YOU’VE REACHED SAM: A REVIEW
The conventional romance novel starts with boy meets girl, boy and girl flirt, a misunderstanding in form of an ex or a new person occurs, misunderstanding clears up, boy and girl date, and they live happily ever after. End of story. You’ve Reached Sam, on the other hand, started with the boy’s death and burial. I was confused for the first few chapters, half expecting the boy to miraculously come back to life. He did not.
You’ve Reached Sam tells the story of Julie, a seventeen-year-old whose boyfriend, Sam, just died. The story follows her grieving experience, highlighting how different grief can be. It starts off after Sam’s burial and wake, all of which Julie skips because she cannot bring herself to attend. She does not believe it is any important because, well, he is dead and she’s the one who has to live with it, not him.
As expected, Julie takes Sam’s death terribly until bizarrely, she dials his number and he picks up. In what I think of as very altruistic, Sam spends his first few months in the afterlife helping Julie come to terms with the reality of losing him and moving on with her life.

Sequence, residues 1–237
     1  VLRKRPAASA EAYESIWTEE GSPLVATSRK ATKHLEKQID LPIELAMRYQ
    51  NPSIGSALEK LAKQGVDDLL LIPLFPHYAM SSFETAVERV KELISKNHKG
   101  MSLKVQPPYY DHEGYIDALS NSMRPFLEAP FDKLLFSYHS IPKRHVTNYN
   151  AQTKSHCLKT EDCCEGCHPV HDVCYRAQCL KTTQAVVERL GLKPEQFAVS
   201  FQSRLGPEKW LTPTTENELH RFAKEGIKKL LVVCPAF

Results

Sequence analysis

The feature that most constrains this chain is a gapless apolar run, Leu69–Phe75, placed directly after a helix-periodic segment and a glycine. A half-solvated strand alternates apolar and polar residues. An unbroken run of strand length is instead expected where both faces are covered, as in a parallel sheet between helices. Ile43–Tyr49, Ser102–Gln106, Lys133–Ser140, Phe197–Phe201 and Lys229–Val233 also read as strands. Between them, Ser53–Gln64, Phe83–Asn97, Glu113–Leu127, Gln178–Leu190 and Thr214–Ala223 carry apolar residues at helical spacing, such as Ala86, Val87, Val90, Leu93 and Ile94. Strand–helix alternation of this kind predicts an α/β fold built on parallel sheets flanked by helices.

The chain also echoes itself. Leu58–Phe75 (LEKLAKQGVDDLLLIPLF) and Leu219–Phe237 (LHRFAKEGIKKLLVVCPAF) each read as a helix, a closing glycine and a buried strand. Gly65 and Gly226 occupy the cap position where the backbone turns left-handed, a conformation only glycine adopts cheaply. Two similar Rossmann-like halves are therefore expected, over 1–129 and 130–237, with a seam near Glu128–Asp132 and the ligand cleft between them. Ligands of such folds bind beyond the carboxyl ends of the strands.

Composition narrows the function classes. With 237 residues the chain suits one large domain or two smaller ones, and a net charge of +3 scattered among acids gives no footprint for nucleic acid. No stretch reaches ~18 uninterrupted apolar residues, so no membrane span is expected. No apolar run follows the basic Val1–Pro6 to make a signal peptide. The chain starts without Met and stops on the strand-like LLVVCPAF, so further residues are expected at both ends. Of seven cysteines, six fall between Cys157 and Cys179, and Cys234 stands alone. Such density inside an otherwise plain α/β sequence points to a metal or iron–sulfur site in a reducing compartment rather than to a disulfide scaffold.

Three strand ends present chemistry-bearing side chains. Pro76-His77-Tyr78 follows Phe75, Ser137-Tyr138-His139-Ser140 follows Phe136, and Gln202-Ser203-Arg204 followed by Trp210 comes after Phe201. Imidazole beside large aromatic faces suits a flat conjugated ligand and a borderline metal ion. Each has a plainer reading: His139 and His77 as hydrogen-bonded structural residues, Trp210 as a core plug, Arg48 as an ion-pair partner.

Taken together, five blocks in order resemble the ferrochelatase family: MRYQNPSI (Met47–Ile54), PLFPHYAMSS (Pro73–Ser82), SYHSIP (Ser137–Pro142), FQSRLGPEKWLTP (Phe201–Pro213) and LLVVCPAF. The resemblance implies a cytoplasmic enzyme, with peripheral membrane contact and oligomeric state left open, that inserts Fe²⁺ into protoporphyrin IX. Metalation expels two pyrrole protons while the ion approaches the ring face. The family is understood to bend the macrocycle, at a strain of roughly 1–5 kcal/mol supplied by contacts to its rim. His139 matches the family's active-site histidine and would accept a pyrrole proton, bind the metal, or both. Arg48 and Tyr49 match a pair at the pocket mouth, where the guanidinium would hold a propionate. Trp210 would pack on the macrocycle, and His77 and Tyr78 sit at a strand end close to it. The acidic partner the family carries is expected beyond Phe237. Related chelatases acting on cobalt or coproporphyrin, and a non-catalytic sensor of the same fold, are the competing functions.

He encourages her to reach out to her old friends and mend broken bridges while also providing her with reassurance to attempt to take on life again. This book is a lesson on Murphy’s law and how, try as hard as you might, life does not always go according to plan. There was something almost liberating about seeing nothing work out despite all the effort Julie put in and despite not reaching “too high”. It was refreshing to see a book simply depict the narrative that sometimes, life sucks, keeps on sucking and just when you think you’re at rock bottom, it shows you that was merely a trapdoor/floor. And when you fall through that, it hands you a shovel and forces you to start digging. That is what Dustin Thao portrays through Julie’s story.
The book comes to a satisfying end when Sam finally determines that Julie is capable of facing life and all its curveballs on her own. Dustin Thao could not have written that part any better. It was all the right things.
I think the writing could have been smoother but all in all, I enjoyed the book. I think it was a good reminder of a fact we generally tend to overlook. I recommend this book only if and when your mental health is stable and thriving. It did not tug on my heartstrings too much but I found the last chapter and the epilogue poignantly sombre and honest. Enough so that I believe it would be a bad idea for anyone to take this book on under less-than-ideal mental health conditions.